What this boils down to: buy a garage ready freezer, and pay attention to the ambient temperature range listed by the manufacturer. Garage ready freezers have improved insulation and different internal components to help them manage wider ambient temperature ranges. GE's garage ready freezers, for example, are tested to perform from 0-110 °F. 

Choosing a garage ready model will save you money in terms of spoiled food, electricity, and repairs/total failures.

Choosing the Right Size Freezer

How big of a freezer do you need? Obviously, if you have a limited installation space or need to fit a freezer through a narrow doorway, that limits your options. You'll want to keep your freezer about 2/3 full most of the time (a mostly-empty freezer won't cool as efficiently). 

One of the basic metrics recommended by the appliance industry is 1.5 cubic foot per person. One cubic foot of space can store around 30-35 pounds of food. That's 30 quart bags of ground beef, if you need a visual!

You may want to bump up the capacity by 10-20% (or even more) if:

  • You often buy meats, bread, etc in bulk

    • On a related note: If you hunt deer or like to buy quarter/half cows or other animals, that's a good reason to size up your freezer (half a cow = about 220 pounds = 7 cubic feet)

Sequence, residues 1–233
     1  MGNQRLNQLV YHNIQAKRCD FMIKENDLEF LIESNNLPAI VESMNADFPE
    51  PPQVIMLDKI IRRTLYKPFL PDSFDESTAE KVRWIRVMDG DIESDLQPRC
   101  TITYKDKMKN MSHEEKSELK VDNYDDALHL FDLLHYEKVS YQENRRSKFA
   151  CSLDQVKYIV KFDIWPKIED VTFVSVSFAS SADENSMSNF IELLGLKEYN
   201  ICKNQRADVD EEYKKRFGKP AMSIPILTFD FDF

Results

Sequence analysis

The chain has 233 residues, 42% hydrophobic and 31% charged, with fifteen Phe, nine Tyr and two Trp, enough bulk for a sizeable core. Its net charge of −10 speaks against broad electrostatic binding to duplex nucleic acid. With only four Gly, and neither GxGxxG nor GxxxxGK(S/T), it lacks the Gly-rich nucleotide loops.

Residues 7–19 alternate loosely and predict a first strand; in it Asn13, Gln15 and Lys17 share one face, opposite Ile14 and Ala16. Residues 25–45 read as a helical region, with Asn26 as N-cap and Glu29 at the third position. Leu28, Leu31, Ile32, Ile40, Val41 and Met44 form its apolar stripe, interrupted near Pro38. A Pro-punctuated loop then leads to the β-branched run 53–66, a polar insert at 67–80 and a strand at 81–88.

• You have a garden and would like to freeze some of your produce for year-round consumption

  • You buy a lot of frozen meals, vegetables, and entrees

Keep in mind that frozen items don't stay tasty forever - in most cases you'll want to be regularly using up old items in a year.

A household of two people might find a 3-4 cubic foot freezer is perfect; while a household of 5 with a garden but not a frozen pizza habit may prefer a 10 cubic foot model. 


The 4 Main Freezer Sizes

  • Compact/Mini: 3-4 cubic feet

  • Small: 5-10 cubic feet
  • Medium: 12-19 cubic feet

  • Large: 18+ cubic feet


Average Freezer Dimensions

Chest Freezer Capacity Height Width Depth
5.0 cu. ft. 32-33" 28-30" 21-22"
7.0 cu. ft. 32-33.5" 37-39" 21-22"
9-10.0 cu. ft. 33" 41.5-44" 24-27"
14-15 cu. ft. 32-36" 47-56" 30-32"
20-22 cu. ft. 32-34" 66-74" 30-33"


Upright Freezer Capacity Height Width Depth
3.0 cu. ft. 33-34" 19.5-21.5" 20-22.5"
6.0 cu. ft. 56-57" 21-22" 22-23"
8-9.0 cu. ft. 59-60" 23-24" 25-26"
13-14.0 cu. ft. 60-64" 28-30" 25-32"
16-18 cu. ft. 60-67" 28-30" 25.5-32"